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“Betterfront”: Proposal for a More Competitive Robo-Advisor

August 13, 2015

If you are looking for some excitement in the financial-service space this summer, then look no further than what is happening in robo-advisor land.

Things are continuing to heat up, with tempers flaring and giants entering, causing the celebrity venture-capital funded upstarts of Wealthfront and Betterment to start feuding. Such fallout could cost them their remaining goodwill as pioneers and industry disruptors.

Here we have Wealthfront on the attack, a PR gambit that smacks of desperation. And when given a chance to take a higher road, Betterment also chooses to roll in the mud.

Quibbling instead of innovating has always been the calling card of CEOs looking to distract people from troubles closer to home. Remember the Sirius-versus-XM Radio battles?

Why is this a tipping point for the survival of early B2C robos? Let’s take a quick walk down Memory Lane to see why. When Wealthfront and Betterment entered the scene in various iterations nearly seven years ago (Wealthfront used to be called KaChing, of all things) they were industry darlings for proposing to disrupt the big, evil financial-service industry with automation, pretty interfaces and low, low costs.

At that time, their main advantage was a sleepy wealth-management industry with a legacy of being slow to adopt consumer technologies. Wealthfront and Betterment caught an industry in denial that investors would actually want to see and interact with their finances on their smartphones, which were only catching on.

Headline after headline in mainstream and tech-sector media praised these new entrants, and their assets began to swell (slowly), along with their CEOs’ egos (rather more quickly) — never a good combination.

Then, the inevitable occurred. Big online financial-service brands woke up and realized that the barriers to entry for robos were extremely low. All you needed was an interface, an algorithm and a friendly broker-dealer — and voilà, you were in the robo-advisor business. Even stodgy, slow-moving broker-dealers, like LPL Financial, are now bringing robos to market after abandoning the idea a few years ago.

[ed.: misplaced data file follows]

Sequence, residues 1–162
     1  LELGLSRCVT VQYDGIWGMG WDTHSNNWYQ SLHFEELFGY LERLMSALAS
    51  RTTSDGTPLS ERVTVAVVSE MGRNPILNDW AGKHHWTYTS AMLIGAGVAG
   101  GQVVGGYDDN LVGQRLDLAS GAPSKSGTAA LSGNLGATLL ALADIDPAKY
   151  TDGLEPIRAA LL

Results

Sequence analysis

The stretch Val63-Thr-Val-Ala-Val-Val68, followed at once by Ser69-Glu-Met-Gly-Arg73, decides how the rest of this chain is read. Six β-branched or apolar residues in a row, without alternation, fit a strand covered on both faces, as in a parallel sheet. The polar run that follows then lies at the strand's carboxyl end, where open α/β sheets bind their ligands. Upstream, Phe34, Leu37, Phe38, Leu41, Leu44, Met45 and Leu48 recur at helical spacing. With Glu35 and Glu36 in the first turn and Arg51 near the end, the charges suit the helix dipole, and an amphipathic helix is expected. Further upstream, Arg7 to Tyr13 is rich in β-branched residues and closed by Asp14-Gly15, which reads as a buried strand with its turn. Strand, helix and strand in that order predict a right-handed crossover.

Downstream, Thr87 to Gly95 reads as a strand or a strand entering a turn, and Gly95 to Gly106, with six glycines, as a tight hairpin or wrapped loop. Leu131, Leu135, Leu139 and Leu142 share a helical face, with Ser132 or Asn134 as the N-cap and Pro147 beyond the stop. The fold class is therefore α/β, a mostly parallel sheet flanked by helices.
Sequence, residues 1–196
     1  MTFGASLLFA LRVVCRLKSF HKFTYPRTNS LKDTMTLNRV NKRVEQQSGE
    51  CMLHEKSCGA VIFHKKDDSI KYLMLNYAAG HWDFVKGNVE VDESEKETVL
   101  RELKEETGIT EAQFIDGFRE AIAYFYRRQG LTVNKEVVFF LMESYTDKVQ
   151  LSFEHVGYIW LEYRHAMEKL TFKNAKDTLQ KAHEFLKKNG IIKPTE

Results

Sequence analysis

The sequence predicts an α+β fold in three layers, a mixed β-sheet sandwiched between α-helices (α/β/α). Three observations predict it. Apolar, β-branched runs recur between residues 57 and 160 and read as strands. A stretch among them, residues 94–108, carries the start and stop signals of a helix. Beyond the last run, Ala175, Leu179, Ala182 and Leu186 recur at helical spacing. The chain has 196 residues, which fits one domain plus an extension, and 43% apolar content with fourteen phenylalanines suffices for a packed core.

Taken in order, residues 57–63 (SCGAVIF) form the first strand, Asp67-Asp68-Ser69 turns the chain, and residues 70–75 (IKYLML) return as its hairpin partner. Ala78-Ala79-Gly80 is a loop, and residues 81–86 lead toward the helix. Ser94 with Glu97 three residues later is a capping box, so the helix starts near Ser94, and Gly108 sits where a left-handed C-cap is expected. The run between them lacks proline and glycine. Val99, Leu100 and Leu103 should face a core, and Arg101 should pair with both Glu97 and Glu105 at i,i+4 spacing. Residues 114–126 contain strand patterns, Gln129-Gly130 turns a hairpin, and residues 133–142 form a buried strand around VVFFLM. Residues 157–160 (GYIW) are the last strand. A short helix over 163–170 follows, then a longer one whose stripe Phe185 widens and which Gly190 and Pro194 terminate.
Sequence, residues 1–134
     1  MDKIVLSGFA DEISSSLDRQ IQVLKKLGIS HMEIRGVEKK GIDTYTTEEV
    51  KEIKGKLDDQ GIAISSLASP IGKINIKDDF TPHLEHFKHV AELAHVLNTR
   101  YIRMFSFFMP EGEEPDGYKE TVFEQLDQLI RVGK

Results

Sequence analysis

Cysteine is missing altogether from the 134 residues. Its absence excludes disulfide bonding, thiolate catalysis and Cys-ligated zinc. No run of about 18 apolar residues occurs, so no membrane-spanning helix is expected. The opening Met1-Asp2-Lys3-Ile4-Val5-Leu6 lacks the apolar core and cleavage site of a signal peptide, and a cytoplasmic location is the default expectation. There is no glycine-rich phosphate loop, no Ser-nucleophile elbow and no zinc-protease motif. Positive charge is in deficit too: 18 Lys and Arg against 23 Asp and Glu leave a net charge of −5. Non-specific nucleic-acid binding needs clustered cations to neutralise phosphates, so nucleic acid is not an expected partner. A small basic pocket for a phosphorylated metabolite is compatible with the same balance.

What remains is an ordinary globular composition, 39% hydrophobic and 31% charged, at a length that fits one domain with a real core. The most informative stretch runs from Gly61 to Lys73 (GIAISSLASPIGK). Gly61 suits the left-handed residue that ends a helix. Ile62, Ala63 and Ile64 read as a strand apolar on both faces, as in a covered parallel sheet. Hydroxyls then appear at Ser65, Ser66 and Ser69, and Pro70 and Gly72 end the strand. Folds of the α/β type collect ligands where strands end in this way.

It took Schwab and Vanguard just weeks to eclipse Wealthfront and Betterment in total robo assets under management, and the giants have been dominating ever since. Schwab’s “free” robo promises to put even more pressure on the original B2C robos, exposing the vaporware economics they used to attract hundreds of millions in VC investments. Losing money at 15 to 25 basis points seemed like a good idea in the short term; however, when you are now faced with the nasty possibility of losing money at zero basis points over the long term, then all bets are off.

Morningstar equity analysts have already weighed in on this issue, and their scary math suggests that for a B2C robo to break even, it needs to get to $14 billion to $40 billion in AUM — and spend hundreds of millions in annual advertising dollars to attract and retain those assets. Again: That’s to break even.

At only $2.5 billion apiece in half a decade for Wealthfront and Betterment, the head scratching begins — and the countdown on the patience of their VC backers.

So what can these firms do?

In my opinion, they should get married — and fast. By combining platforms, they will get to a more reasonable assets-under-management figure of $5 billion. They’ll be able to achieve dramatic synergies by eliminating half of their combined staffs and be able to sell off one of their platforms. Let’s face it, they both do the same thing — and their platforms are built to scale.

“Betterfront” can use those savings to get its wares in front of financial advisors, a more promising area of robo-technology growth than B2C.

So, as summer wedding season continues, let’s see who moves first — Wealthfront or Betterment. If neither does, then probably the next big events in their lives will be funerals, not nuptials.